Friday, 22 February 2013


It's been almost a year since I posted here, so it's doubtful that too many folks are still perusing these pages, but I wanted to put at least a placeholder here for anyone stumbling across this erstwhile outlet for my music ramblings.

Though my burning passion to spread great music continues unabated, the spaces in which I choose to share it have morphed considerably.

The following reasons, to my mind, would seem to feed into this:

  • MP3 blogging largely passed out of usefulness with the advent of Spotify and other streaming services, at least for my ends. Why waste time shifting digital files around between devices, taking up valuable hard drive space, when the "celestial jukebox" will serve it up at the touch of an app?
  • My son Benjamin and my new job happily came along during the middle of 2012, leaving time for "fun writing" at a minimum.
  • There are hundreds of thousands of music blogs, possibly even millions by now. Although I love the outlet that H-T-A has afforded me since I fired it up in 2008, I didn't feel I was offering anything all that unique.I suppose I preferred to scale back rather than add to the noise, in some respects.
  • In the absence of MP3s being a suitable long term sharing mechanism for music, I wasn't sure which channels would replace them. YouTube vids? Haphazard quality. Soundcloud/Bandcamp embeds? Possibly, but not ubiquitous for every artist. Spotify links? Too early to have a big enough user base, at least at this time last year.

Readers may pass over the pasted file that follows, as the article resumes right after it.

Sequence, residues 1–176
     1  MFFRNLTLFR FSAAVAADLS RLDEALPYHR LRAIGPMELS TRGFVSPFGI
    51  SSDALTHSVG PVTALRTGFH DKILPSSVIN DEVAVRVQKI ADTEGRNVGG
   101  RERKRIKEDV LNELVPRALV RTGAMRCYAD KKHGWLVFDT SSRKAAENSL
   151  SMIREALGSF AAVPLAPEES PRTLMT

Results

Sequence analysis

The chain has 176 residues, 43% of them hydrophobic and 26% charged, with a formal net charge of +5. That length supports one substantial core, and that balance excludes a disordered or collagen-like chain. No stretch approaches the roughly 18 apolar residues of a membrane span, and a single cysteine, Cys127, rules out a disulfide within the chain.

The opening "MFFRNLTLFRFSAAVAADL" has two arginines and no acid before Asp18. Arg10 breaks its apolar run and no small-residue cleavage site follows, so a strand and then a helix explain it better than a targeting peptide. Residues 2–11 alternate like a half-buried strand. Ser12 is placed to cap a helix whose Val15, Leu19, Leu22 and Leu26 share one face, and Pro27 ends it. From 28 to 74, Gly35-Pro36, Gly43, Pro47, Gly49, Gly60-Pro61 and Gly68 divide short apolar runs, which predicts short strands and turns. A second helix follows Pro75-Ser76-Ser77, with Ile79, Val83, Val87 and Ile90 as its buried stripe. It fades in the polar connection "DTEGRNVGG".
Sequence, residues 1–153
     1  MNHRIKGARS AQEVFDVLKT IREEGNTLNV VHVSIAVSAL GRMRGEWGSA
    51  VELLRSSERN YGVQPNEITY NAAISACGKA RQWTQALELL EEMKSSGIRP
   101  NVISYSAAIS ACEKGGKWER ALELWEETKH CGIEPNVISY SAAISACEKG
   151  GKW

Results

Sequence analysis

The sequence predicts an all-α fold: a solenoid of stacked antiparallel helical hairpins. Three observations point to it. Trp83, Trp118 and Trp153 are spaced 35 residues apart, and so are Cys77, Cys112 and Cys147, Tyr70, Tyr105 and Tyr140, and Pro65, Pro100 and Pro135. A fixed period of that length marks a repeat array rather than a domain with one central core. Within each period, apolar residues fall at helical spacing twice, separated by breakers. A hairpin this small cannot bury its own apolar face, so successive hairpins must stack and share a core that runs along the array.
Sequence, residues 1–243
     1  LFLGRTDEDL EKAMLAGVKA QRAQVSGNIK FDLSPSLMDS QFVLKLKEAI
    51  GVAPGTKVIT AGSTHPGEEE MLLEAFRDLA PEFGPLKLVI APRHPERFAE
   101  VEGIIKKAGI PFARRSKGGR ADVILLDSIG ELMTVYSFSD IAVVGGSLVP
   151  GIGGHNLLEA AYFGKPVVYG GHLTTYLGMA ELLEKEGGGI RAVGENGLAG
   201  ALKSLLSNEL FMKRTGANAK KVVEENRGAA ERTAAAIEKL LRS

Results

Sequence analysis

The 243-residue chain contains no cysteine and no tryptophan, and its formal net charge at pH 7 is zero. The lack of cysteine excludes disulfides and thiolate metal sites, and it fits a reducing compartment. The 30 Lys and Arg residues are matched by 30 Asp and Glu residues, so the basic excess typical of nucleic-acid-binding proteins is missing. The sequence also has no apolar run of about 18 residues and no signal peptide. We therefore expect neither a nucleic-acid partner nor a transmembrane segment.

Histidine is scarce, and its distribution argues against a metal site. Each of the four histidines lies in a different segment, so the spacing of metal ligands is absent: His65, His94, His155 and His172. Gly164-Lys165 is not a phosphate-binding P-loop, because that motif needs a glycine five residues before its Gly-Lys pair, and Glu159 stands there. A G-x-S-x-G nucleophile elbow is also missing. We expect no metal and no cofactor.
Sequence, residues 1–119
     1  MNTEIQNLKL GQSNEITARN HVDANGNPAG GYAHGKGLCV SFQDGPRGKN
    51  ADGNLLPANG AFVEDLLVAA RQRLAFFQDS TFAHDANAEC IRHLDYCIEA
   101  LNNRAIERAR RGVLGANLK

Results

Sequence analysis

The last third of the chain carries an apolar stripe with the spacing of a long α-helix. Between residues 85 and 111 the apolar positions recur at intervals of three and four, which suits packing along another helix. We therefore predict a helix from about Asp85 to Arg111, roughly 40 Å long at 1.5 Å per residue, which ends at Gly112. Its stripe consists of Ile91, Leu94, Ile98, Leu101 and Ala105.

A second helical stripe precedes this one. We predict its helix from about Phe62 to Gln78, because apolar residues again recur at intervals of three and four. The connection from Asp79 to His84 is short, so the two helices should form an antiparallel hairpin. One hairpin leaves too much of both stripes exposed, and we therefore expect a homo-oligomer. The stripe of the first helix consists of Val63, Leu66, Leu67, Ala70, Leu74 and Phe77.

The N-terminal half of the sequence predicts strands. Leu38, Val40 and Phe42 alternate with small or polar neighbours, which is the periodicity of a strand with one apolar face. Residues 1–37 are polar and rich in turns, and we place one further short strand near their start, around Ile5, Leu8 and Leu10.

My discussions about music and new artists are now fragmented across social media and my Spotify inbox, which has served me surprisingly well in finding recommendations and sharing my own. Although I have no firm plans to resurrect a hub for these activities, I do see integration as being a big theme for online content this year, so there is every chance that things will coalesce back into some regular writing.

Until then, tweet your favourite new music to me @AboveTheStatic or read my more marketing-oriented music writing here. See you on the other side. 

Saturday, 31 March 2012

Trick Tracks: Propagandhi - Die Jugend Marschiert

Of my top listened songs on Last.FM, amongst the usual suspects of indie rock (The Hold Steady, The National) and alt-metal (Tool, deftones), lies a single punk rock track. 

Standing out like a mohawk in a sea of lank, greasy metal hair, Propagandhi's 'Die Jugend Marschiert' - alternatively titled 'America's Army' - proudly reps the part of my soul that wants all music to kick against the pricks.

It starts off rather inauspiciously, if somewhat suspiciously, with a clip of German children singing a jolly song. Unfortunately, the rapturous "Zieg Heil!" as it fades out suggests that this is no innocent school trip, but more likely something culled from a Hitler Youth propaganda film. 

So far, so controversial...

What follows is as anthemic a toll of introductory guitars as I've heard in any tune, punk or otherwise. The sheer climb and attack is such a statement of intent that one could be forgiven for expecting everything to fall flat from here on in. Happily, as these righteous Canadian firebrands forge on, the power just keeps coming.